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More large Australian construction companies will fail this year, a building insolvency expert has warned, with thousands of sub-contractors, tradies and would-be new homeowners the vulnerable victims.

Andrew Spring, partner at building insolvency specialist Jirsch Sutherland, said it “wasn’t surprising at all” to see two tier-one construction firms go bust in quick succession after Christmas, given the serious headwinds the sector is now facing.

He said it was “a definite possibility” other construction giants would follow Probuild and Condev into liquidation, creating a potential “domino-like effect” for sub-contractors and tradies who will be left out of pocket and saddled with debt.
Nikki and Daniel Jacobson signed a contract with now-collapsed Privium in November last year with construction meant to begin in January. The family of five were told they'd be able to move in within nine months.
Nikki and Daniel Jacobson signed a contract with now-collapsed Privium in November last year with construction meant to begin in January. The family of five were told they’d be able to move in within nine months. (9News)

“The industry is in a really difficult position at the moment,” Mr Spring told 9news.com.au, predicting that the tough times would likely stretch into 2023 because “it does take time for the full weight of these sort of (major) insolvencies to come home all the way down the chain”.

Hopeful homeowners who had the misfortune to pick the wrong construction company won’t escape the financial bomb.

Queensland couple Nicole and Daniel Jacobson have been forced to shell out an extra $130,000 to finish their home, after the building company they signed with, Privium Group, suddenly collapsed.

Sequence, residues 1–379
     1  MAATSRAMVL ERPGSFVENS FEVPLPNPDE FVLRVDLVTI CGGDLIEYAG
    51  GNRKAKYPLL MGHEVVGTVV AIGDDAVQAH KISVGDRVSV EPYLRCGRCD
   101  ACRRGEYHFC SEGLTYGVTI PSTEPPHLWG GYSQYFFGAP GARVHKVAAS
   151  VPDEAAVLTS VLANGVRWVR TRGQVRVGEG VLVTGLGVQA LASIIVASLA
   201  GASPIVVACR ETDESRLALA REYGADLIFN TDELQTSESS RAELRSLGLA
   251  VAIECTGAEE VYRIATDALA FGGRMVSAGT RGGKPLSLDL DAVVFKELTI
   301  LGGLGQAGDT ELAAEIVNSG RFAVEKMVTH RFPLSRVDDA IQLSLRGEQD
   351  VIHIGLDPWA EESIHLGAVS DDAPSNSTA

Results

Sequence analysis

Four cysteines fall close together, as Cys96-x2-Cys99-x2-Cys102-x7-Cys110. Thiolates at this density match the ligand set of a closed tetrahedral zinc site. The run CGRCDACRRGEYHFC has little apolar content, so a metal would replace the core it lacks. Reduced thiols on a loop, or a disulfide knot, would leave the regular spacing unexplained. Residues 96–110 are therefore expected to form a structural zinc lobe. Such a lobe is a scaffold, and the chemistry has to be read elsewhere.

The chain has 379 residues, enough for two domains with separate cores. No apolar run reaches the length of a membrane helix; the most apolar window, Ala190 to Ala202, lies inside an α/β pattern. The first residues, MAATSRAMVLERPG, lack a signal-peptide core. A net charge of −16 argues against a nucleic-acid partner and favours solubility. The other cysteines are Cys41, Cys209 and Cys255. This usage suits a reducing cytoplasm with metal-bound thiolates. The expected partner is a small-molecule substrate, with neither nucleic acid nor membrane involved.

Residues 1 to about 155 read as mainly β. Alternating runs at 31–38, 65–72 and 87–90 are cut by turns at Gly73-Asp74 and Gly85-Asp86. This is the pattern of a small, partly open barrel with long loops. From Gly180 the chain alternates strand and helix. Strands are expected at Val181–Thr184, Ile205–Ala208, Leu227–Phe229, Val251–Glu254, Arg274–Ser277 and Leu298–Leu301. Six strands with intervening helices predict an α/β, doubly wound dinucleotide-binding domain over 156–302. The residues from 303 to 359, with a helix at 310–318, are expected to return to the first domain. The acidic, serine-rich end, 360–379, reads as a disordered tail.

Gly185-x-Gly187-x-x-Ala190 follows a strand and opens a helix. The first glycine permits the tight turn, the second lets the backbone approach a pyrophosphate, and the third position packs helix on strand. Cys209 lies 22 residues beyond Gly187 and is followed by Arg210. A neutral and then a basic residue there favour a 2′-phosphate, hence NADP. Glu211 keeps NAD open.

After scrambling to find a new builder, they were shocked with a six-figure bill increase because the cost of materials had spiralled since they signed with Privium.

“It’s been really stressful,” Mr Jacobson, a father-of-three, said.

They are now struggling to pay for rent and a mortgage at the same time because timelines on the build have completely blown out.

Ms Jacobson said they weren’t even told Privium was going bust.

“We found out on social media,” she said.

Many other Privium customers had not been lucky enough to find a new builder, she said, and they were now “priced out of the market”.

Dyldam Developments, Hotondo Homes franchise Tasmanian Constructions, ABD Group, BA Murphy, Pindan and Inside Out Construction have all gone bust in recent months.

The rising cost of materials, COVID-19 shutdowns, supply problems and labour shortages had created “a perfect storm” now battering the construction industry, the Gold Coast-based founder of Association of Professional Builders Russ Stephens said.

“We’ve seen increases in the cost of materials between 15 to 20 per cent throughout 2021,” he said.

“(That) was then compounded by the supply crisis which has caused delays, and that’s increased the fixed costs for these builders as well.”

High material costs and “market conditions” have sunk forward forecasts for Condev. (Nine)
Condev has 13 unfinished projects across south-east Queensland, totalling an approximate $500 million. (Nine)

Fixed-cost contracts between developers, construction firms and sub-contractors spelled doom for the likes of Probuild, Condev and Privium, Mr Spring said.

“When you have timing overruns, labour price increases, contractor price increases and material cost increases, then you’re eroding your margins really, really quickly,” he said.

“And when you’ve got some of these larger projects, which may run into the years, you just can’t make that up.”

Mr Spring said the construction industry had been over-represented in the insolvency space for some time, largely because of fixed-cost arrangements.

“I wonder whether, off the back of this, we may need to see a reset in the industry as to how they go about pricing for work and assessing how to deal with these types of really rapid, difficult fluctuations.”

Building approvals have slumped

Australia’s recent housing boom had also driven prices of materials and labour up, he said, however the uptick in building appears over, at least for now.

Building approvals across the country collapsed in January, according to Australian Bureau of Statistics data, down 27.9 per cent from December.

“The decline was much larger than economists had expected,” Diana Mousina from AMP Investments said.

January approvals were 24.1 per cent lower compared to a year ago.

Ms Mousina predicted approvals would “track sideways” over the next few months, adding the reopening of Australia’s international border should result in positive approval activity on a 12-month horizon.

Source: 9News

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